Warren Asks: Time for a Two-Tiered Regulatory System?
During a Senate Banking Committee hearing last week that focused on community banks after the financial crisis, Sen. Elizabeth Warren (D-Mass.) asked witnesses if a two-tiered regulatory system would be appropriate as small institutions struggle to comply with Dodd-Frank Act regulations that were meant for big banks.
“After the crisis, there was nearly a panic about people who couldn’t get access to credit, and one of the responses, of course, was Dodd-Frank,” the Consumer Financial Protection Bureau organizer said during the June 13 hearing.
“But one of the concerns I have about Dodd-Frank is that we now have a regulatory system that, while Dodd-Frank made some distinctions between large and small banks, small banks are still subject to many regulations that were written for the larger financial institutions,” she said.
“And so, what I’m concerned about is that we now have a regulatory system for which many parts are neutral on its face, but the impact on smaller financial institutions that can’t afford to hire an army of lawyers to get out and interpret this rule, turns out to be crushing,” Warren said.
“The question I want to ask is whether or not we are reaching a point where we really should think about a two-tiered regulatory system,” the freshman senator said.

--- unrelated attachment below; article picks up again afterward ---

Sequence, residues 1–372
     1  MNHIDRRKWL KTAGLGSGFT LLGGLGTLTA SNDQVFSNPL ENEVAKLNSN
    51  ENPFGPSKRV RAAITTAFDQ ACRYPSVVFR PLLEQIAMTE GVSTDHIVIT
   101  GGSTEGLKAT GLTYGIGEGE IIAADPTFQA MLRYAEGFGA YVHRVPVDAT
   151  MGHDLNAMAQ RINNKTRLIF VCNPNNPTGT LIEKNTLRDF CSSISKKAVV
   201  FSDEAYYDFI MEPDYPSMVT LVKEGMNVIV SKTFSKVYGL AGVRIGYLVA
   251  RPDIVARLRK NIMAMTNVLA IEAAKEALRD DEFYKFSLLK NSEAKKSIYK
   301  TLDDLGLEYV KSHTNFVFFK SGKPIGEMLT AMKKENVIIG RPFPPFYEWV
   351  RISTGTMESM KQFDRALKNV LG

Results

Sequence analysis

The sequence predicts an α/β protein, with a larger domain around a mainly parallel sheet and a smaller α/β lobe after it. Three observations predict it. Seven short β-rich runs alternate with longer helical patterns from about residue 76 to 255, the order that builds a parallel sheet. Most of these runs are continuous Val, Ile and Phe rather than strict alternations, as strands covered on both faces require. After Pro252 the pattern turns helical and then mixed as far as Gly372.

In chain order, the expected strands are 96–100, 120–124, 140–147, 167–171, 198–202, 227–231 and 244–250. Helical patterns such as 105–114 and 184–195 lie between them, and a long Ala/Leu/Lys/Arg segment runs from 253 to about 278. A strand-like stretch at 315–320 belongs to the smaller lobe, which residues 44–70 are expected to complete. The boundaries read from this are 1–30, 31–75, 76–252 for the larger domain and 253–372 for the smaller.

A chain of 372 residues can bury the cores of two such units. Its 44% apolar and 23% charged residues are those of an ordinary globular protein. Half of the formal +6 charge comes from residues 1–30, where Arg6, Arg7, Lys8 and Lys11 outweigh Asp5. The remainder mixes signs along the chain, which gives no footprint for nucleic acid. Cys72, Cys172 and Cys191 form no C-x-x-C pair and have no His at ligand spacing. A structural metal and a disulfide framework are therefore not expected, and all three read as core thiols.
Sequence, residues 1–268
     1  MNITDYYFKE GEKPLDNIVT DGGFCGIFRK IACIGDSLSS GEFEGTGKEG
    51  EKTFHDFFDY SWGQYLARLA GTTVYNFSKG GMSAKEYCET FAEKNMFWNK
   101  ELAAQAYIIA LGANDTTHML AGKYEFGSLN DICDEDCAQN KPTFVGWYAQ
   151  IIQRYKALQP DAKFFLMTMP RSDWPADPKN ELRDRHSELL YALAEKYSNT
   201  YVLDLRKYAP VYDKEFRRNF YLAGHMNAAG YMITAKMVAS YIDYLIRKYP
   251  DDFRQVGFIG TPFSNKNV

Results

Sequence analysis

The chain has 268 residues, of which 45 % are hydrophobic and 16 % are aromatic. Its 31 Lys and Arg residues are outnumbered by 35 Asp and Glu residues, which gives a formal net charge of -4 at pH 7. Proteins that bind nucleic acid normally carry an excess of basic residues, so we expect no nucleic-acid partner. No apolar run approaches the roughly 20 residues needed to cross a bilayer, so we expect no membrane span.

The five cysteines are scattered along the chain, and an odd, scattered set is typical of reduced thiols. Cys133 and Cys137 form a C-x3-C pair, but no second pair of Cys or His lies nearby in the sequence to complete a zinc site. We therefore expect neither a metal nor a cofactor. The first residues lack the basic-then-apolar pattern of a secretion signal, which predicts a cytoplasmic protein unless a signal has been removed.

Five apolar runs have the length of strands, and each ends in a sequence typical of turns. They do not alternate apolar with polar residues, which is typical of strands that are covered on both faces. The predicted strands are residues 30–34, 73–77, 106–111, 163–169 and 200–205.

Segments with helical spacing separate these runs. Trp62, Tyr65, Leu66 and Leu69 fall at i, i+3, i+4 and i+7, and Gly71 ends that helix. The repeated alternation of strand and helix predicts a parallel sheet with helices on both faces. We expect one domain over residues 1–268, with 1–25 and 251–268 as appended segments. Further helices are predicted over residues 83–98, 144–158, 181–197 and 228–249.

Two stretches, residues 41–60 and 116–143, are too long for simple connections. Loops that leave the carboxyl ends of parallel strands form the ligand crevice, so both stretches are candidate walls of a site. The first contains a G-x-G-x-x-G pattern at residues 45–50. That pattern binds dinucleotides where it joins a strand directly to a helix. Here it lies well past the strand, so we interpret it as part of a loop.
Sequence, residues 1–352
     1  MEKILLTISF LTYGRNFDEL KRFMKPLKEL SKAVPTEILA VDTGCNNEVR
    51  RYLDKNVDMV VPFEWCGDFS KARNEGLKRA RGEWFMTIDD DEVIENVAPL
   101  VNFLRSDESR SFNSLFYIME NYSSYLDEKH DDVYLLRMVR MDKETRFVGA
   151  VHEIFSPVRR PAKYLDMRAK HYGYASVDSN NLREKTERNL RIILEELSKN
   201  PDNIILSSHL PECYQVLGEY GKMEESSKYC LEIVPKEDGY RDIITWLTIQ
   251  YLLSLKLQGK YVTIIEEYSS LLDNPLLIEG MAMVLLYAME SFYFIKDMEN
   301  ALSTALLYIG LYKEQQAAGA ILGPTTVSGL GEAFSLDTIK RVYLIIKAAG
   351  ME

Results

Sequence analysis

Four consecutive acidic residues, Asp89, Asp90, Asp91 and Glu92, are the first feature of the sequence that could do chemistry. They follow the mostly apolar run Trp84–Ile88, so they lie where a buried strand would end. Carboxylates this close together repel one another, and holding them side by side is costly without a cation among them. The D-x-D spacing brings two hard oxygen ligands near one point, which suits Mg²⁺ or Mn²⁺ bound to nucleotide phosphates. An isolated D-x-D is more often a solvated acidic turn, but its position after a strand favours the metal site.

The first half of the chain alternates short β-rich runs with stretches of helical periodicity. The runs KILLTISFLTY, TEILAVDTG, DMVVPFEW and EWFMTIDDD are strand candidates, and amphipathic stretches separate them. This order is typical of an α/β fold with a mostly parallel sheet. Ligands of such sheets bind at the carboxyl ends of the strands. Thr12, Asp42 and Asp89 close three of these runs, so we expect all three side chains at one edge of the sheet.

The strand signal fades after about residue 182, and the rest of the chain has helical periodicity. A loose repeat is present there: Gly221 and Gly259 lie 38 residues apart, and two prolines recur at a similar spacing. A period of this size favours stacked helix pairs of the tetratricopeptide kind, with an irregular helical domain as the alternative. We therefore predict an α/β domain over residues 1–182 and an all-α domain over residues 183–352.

The FDIC officials on the panel didn’t directly answer Warren’s question, but Inspector General Jon Rymer said the bank regulator currently addresses the issue in the supervisory process, scaling exams based upon an institution’s risk profile and complexity.
“It’s hard to write rules in advance and set thresholds that work for all cases,” he added.
The exchange caught the attention of NAFCU, and President/CEO Fred Becker sent Warren a letter expressing support for the idea and offering to discuss the topic further with Warren or her staff.
“We would like to express our strong support for a two-tiered regulatory system that would take into account the unique structure, activities and mission of the nation’s not-for profit credit unions,” Becker wrote in the letter sent Tuesday.
“This two-tiered structure should separate nation’s credit unions from the regulatory scheme directed toward the large Wall Street banks and other entities whose activities led to the financial crisis,” Becker’s letter said.
Matt Cournoyer, press assistant for Warren, said his office had no additional comment beyond Warren’s remarks during the hearing.